Credit history, scores may improve with bureau changes
About 45 million Americans have no credit scores, which means these consumers more likely have trouble qualifying for loans. However, the national credit bureaus are making adjustments that could change that for the better.
About 45 million US adults have no credit scores, according to a study released in early May by the Consumer Financial Protection Bureau. This is a big deal. Lenders rely on three-digit credit scores to determine who gets credit and at what interest rate. Consumers without credit scores will struggle to qualify for a mortgage loan, auto loan, or even a credit card.
There is good news on the way: It might soon be easier for consumers to build a credit score. That's because the national credit bureaus are beginning to count additional forms of payment as part of consumers' credit histories.
Rental History Can Build Credit
Consumers typically build a positive credit history — and a strong credit score — by paying their credit cards, mortgage loans, student loans, and auto loans on time. But historically, the credit bureaus didn't track on-time rent, utility, cable, or cell-phone payments. Consumers who never missed a rent or utility payment, then, often found themselves with no credit because they weren't paying off mortgage loans, credit cards or auto loans.
The national credit bureaus, though, are making changes. Experian and TransUnion — two of the three national bureaus, with Equifax being the third — are now collecting on-time rent payment data as part of their credit profiles. Consumers who always pay their apartment rents on time now have the opportunity to build a credit score from these two credit bureaus.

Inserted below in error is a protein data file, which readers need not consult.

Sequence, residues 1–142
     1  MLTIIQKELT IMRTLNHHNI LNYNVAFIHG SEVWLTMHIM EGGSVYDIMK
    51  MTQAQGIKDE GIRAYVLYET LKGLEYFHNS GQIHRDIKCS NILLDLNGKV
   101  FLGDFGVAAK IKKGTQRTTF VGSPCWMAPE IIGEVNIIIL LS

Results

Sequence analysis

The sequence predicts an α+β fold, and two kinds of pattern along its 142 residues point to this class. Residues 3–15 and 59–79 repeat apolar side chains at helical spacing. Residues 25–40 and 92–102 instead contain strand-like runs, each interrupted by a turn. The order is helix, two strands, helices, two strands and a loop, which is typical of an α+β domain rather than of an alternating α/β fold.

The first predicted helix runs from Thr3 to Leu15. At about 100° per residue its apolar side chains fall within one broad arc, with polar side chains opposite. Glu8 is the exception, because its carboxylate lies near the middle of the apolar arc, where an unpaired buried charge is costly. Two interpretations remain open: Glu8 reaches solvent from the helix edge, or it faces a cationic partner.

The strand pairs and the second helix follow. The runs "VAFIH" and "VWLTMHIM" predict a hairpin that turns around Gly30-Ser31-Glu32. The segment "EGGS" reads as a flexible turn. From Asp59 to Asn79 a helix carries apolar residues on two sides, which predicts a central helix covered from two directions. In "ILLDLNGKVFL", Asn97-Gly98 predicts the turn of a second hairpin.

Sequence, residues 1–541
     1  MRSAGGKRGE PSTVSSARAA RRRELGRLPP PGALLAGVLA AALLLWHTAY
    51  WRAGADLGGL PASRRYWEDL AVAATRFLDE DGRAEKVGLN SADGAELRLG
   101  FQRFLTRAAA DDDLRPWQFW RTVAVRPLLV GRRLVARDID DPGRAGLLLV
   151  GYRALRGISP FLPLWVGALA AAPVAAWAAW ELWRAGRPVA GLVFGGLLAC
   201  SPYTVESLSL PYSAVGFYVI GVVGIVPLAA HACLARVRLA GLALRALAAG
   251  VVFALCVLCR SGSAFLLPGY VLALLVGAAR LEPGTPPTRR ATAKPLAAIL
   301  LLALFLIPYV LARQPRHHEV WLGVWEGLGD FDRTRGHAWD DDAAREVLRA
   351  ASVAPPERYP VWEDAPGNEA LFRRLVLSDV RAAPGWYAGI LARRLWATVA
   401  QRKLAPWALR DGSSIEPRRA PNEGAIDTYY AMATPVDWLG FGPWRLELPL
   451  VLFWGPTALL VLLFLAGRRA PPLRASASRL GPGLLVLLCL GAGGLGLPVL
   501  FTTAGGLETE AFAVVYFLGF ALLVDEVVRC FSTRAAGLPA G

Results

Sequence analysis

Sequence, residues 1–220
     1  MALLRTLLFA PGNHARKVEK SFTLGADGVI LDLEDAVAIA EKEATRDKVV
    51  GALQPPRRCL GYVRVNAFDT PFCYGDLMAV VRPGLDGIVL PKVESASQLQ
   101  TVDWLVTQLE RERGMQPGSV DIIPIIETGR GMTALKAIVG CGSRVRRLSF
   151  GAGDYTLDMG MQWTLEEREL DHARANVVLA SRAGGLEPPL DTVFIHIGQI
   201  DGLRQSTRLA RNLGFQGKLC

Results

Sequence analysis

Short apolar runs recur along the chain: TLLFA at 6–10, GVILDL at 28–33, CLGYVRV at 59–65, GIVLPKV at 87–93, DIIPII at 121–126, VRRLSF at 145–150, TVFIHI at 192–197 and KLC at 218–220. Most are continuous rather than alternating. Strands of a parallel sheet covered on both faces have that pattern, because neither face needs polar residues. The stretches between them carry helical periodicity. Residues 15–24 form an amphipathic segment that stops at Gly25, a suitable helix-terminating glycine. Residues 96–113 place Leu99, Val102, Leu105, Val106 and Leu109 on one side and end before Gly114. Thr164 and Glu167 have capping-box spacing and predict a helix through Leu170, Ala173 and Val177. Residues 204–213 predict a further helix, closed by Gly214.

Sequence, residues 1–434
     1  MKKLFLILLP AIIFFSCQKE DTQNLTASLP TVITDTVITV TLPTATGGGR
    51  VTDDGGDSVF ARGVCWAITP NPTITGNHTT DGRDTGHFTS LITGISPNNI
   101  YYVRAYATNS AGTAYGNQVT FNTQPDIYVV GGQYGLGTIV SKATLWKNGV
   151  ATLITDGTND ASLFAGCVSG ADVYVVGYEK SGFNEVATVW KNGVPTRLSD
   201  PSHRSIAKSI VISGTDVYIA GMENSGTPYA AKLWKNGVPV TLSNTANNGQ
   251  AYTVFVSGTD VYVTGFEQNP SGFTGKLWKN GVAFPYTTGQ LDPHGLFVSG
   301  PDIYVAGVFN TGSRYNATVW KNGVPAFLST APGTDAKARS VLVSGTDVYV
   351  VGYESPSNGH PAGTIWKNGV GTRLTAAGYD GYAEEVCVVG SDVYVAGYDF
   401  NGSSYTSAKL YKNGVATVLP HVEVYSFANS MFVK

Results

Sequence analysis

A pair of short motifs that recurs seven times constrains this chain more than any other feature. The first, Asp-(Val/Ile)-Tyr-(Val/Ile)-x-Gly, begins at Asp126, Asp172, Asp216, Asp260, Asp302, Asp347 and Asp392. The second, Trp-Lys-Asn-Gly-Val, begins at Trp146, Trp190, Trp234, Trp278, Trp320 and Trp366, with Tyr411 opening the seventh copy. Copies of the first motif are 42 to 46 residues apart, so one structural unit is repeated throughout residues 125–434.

Both bureaus are working with RentTrac, a service that allows tenants across the nation to pay their apartment rents online. Renters who pay through RentTrac can then have their payment data sent to TransUnion and Equifax.
This is a big move for consumers. Emily Christiansen, director of Experian's RentBureau, said that the credit bureau recently conducted a study of the impact of adding rental information. A total of 11% of the study participants did not have a credit score before Experian began counting on-time rent payments. Once Experian did start collecting this information? Nearly 97% of this group gained enough of a payment history to build a credit score.
Christiansen also said that participants who already had a credit score saw their scores rise by an average of 29 points.
That, too, is important. Lenders consider a FICO credit score of 740 or higher to be an excellent score. Consumers with the highest scores qualify for the greatest number of loan programs and the lowest interest rates.
"Consumers are often surprised that these other payments are not reported," Christiansen said. "It seems like such a no-brainer that this information should be reported."
More Changes to Come?
The bureaus still do not count on-time utility, cable, and cell-phone payments. On-time payments to doctors and hospitals aren't counted, either. But Christiansen said that there is growing support for counting at least some of these payments.
"We are in strong support of full-file reporting," she said. "We don't want to just have the times when consumers don't pay their utility bills to show up in their credit reports. We also want the times they do pay them on time to show up."
This is an important point. Paying your doctor bill on time won't help your credit score. But not paying it might hurt it. If your medical provider sends a collection agency after you for non-payment, that will cause your credit score to drop.
The lesson? Pay all your bills on time, even if doing so won't boost your three-digit score.
"The face of credit is changing," Christiansen said. "What will be included in your credit report is changing. That is exciting. I am very optimistic that we will continue to see more types of payment information included in the reports."
The Christian Science Monitor has assembled a diverse group of the best personal finance bloggers out there. Our guest bloggers are not employed or directed by the Monitor and the views expressed are the bloggers' own, as is responsibility for the content of their blogs. To contact us about a blogger, click here. To add or view a comment on a guest blog, please go to the blogger's own site by clicking on the link in the blog description box above.